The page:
Tuesday, July 11, 2006
Judge Rules Search Of Jefferson's Congressional Office Legal
A federal judge in Washington has ruled that elected politicians are not above the law.
A federal judge in Washington ruled yesterday that the unprecedented FBI raid on Rep. William J. Jefferson's Capitol Hill office was constitutional, saying the government "demonstrated a compelling need to conduct the search" in the ongoing public corruption probe.
U.S. District Judge Thomas F. Hogan, in an anxiously awaited 28-page opinion, said politicians were not above the law, and he rejected arguments from the Louisiana Democrat that the search violated the Constitution's "speech or debate" clause, which protects speech and documents related to legislative activity.
"Congressman Jefferson's interpretation of the Speech or Debate privilege would have the effect of converting every congressional office into a taxpayer-subsidized sanctuary for crime," Hogan wrote, rejecting the request to return the seized materials.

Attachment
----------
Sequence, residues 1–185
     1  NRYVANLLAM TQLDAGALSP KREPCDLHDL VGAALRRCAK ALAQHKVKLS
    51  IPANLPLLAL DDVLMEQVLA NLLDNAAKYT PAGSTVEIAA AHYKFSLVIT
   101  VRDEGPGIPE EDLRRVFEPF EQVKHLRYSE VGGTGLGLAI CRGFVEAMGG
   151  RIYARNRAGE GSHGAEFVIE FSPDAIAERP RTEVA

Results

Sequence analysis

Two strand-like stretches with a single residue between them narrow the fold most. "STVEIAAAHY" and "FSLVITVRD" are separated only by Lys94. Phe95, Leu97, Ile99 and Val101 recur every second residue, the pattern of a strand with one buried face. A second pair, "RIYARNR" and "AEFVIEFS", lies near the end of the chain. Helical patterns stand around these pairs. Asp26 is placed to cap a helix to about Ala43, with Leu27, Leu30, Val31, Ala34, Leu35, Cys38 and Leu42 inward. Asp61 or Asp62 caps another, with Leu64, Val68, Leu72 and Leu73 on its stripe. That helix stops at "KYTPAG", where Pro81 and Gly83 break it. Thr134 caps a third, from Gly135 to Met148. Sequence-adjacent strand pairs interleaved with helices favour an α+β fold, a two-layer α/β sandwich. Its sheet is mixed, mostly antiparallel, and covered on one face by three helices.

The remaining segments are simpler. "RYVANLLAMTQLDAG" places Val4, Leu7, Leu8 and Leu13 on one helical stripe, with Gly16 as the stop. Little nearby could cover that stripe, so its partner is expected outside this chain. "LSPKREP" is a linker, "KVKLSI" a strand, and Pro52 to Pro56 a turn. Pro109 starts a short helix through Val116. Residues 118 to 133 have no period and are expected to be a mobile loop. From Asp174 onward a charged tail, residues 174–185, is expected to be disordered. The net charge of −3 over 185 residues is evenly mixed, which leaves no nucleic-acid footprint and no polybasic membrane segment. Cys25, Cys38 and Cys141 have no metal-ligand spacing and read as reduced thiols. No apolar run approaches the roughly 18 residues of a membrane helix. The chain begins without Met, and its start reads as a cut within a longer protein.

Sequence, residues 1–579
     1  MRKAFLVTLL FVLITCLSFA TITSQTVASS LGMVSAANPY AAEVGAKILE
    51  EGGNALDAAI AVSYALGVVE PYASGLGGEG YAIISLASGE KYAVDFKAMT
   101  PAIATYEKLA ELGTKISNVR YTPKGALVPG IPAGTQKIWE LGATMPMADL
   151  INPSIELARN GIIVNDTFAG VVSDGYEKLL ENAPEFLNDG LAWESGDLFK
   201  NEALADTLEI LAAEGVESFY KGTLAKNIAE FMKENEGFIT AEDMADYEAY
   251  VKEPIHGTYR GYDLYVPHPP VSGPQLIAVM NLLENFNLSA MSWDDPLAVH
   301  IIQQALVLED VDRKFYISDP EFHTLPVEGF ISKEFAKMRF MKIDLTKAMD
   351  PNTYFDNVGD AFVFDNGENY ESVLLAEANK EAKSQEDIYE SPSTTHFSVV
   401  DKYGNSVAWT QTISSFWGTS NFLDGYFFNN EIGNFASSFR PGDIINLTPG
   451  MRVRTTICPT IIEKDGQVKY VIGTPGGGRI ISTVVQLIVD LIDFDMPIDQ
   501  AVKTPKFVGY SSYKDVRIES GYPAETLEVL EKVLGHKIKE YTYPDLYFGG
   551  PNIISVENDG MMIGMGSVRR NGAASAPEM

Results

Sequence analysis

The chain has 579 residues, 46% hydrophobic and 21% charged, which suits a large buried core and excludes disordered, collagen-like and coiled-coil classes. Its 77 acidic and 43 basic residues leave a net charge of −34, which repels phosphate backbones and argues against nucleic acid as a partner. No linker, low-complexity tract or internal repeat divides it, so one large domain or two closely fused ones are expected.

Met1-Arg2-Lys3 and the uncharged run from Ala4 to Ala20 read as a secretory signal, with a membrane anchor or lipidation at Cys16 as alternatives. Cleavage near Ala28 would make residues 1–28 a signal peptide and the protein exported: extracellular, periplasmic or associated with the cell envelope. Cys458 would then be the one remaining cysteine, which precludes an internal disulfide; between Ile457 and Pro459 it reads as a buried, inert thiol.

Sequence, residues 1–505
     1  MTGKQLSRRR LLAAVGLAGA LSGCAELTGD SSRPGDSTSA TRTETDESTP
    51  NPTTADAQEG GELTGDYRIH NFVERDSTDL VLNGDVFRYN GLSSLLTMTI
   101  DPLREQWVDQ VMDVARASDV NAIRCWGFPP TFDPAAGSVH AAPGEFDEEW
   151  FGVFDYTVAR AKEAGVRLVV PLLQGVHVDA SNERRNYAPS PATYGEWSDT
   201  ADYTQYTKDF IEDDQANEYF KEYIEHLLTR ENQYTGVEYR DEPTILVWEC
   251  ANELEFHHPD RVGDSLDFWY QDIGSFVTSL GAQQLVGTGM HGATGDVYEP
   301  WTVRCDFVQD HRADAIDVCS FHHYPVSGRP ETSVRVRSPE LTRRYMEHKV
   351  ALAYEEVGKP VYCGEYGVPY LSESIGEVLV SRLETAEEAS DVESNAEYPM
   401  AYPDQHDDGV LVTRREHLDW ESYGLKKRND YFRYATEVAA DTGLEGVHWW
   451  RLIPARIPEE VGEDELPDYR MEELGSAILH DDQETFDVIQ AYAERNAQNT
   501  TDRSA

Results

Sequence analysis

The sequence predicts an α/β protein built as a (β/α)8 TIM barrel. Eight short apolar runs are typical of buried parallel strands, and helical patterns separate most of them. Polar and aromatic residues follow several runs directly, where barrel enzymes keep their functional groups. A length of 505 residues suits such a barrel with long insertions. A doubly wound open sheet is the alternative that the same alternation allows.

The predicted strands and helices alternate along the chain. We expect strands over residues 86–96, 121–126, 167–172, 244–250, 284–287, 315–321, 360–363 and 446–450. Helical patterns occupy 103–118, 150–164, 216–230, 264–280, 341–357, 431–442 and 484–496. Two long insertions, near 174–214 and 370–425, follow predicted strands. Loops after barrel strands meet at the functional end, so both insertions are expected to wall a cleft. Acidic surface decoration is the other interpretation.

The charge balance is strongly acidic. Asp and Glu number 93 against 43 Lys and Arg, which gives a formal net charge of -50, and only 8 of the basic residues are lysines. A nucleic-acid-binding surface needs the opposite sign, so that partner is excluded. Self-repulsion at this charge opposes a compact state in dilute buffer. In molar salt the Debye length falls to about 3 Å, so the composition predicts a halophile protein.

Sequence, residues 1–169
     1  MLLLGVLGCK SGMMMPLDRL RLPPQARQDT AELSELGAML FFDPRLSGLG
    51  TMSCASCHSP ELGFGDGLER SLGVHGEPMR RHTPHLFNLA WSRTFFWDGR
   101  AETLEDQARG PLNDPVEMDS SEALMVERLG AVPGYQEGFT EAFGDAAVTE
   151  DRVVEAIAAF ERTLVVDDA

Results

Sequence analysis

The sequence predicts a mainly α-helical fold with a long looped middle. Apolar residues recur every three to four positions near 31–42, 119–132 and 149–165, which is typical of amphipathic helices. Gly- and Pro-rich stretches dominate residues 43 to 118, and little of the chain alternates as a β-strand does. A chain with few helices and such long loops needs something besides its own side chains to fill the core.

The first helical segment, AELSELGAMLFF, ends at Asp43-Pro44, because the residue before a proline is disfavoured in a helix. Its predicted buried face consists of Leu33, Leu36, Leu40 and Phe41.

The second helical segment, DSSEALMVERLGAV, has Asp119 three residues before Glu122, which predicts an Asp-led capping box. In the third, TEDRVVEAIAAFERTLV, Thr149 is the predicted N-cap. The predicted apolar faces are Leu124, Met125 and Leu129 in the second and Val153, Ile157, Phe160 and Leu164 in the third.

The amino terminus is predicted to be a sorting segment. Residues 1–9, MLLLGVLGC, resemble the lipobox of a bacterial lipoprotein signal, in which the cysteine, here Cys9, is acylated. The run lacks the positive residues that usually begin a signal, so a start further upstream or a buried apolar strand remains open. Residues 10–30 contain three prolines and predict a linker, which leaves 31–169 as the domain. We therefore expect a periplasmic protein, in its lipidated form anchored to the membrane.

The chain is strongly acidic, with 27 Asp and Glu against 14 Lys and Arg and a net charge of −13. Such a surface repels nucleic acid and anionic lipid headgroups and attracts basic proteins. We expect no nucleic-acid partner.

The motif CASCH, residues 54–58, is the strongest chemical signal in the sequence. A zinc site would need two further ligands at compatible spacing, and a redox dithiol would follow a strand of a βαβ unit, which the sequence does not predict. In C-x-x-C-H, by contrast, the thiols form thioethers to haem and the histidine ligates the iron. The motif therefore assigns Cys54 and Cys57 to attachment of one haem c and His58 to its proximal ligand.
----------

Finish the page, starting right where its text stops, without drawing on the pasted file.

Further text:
Since March 2005, the FBI has been investigating allegations that Jefferson took hundreds of thousands of dollars in bribes in exchange for using his congressional influence to promote high-tech business ventures in Nigeria, Ghana and Cameroon.
In a sometimes scolding tone, Judge Hogan wrote that the warrant had not violated Mr. Jefferson's rights against unreasonable search and seizure, nor did it step on constitutional principles. "The facts and questions of law here are indeed unprecedented," the judge wrote. "It is well established, however, that a member of Congress is generally bound to the operation of the criminal laws as are ordinary persons."